You Want Justice, You Need Justice.

August 17, 2010 | no comments
By

Here is a short theory of the atonement.

Acts matter when they have real consequences. An act has real consequences if it benefits or deprives another person. If the consequences of our acts can be later fixed and fully compensated for by another person, then our acts matter only to the extent that the person who does the fixing is himself burdened by the fix. God loves us. He wants our acts to matter. We love ourselves. We also want our acts to matter. Therefore it is necessary that irrevocable consequences of one kind or another be decreed for our acts, regardless of who pays those consequences. Call this justice.

Christ is merciful to us. He does not want us to suffer irrevocable consequences. But his mercy does not rob justice. He wants our choices to have consequences. Therefore he takes the consequences on himself. This is the atonement. It reconciles mercy and justice. It allows us to make meaningful choices–choices so meaningful that they affect the very God of the universe–but gives us merciful relief from our choices too.

Here are some thoughts on the theory in no particular order:

Are there other theories this conflicts with? I hope not.

One way of reading the Fall is that we chose to have meaningful choice even at the cost of doing irrevocable harm to others. This is an evil but necessary choice and explains why the Fall was both felix and peccata.

Our choices are more meaningful the more that hangs on them. That is why, perhaps, our choices affect people other than ourselves. That we might do them undeserved and unasked-for harm makes our choices more meaningful.

The first man Adam chose choice for himself at the expense of doing evil to others. The second man Adam–Christ–chose that evil be done to himself that others might have choice.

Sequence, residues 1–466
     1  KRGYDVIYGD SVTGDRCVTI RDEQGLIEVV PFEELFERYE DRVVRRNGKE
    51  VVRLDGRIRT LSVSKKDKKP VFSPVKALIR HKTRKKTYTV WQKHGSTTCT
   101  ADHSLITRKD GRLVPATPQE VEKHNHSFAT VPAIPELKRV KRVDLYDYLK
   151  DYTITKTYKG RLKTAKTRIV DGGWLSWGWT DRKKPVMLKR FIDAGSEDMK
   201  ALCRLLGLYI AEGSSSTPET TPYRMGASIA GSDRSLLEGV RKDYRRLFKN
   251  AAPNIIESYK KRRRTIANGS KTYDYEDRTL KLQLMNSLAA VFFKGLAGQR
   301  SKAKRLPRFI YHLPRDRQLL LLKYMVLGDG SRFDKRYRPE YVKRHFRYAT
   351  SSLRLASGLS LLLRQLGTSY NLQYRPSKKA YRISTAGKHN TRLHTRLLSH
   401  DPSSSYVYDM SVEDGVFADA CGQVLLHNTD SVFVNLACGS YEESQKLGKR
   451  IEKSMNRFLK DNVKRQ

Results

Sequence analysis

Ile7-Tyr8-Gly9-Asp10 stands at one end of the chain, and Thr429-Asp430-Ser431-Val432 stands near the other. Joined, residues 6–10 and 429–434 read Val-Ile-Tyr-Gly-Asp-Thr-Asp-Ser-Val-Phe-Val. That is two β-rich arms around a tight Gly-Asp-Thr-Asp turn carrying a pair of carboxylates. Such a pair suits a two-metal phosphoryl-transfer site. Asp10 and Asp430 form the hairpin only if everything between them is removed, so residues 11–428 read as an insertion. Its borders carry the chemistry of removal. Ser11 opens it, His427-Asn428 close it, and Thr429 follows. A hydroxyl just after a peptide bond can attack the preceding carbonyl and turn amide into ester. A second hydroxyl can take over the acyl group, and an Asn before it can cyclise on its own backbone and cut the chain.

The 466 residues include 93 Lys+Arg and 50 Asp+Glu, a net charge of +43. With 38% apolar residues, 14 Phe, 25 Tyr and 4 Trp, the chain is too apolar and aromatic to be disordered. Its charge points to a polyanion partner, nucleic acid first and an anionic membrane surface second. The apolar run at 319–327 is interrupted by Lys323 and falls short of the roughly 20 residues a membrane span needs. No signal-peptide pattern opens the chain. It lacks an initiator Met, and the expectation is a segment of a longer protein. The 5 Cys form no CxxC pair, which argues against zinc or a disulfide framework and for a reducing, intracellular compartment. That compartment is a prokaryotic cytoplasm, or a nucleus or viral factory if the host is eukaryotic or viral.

To the extent I can transfer the consequences of my acts to myself I keep the meaningfulness of my act while undoing the evil that they affect others unjustly. Redress is in the similitude of the Atonement.

To the extent that I forgive someone who has wronged me, I am also ensuring that the bad acts were not done to an unwilling victim. I now accept them, I am now willing. Forgiveness is therefore also in the similitude fo the Atonement.

I don’t like the assumption in the theory that our choices only matter depending on their consequences. Choices can be inherently bad or inherently good no matter what consequences they actually cause,. Is there a way of recasting the theory to say that our choices need to have moral freight to matter and they don’t have moral freight if the punishment for the wrong can be wiped away without cost?

Are we stones that leave no ripples?

The God We Hold Hostage.

—————–

Comment at the Junior Ganymede.

Comments are closed.

WELCOME

Times and Seasons is a place to gather and discuss ideas of interest to faithful Latter-day Saints.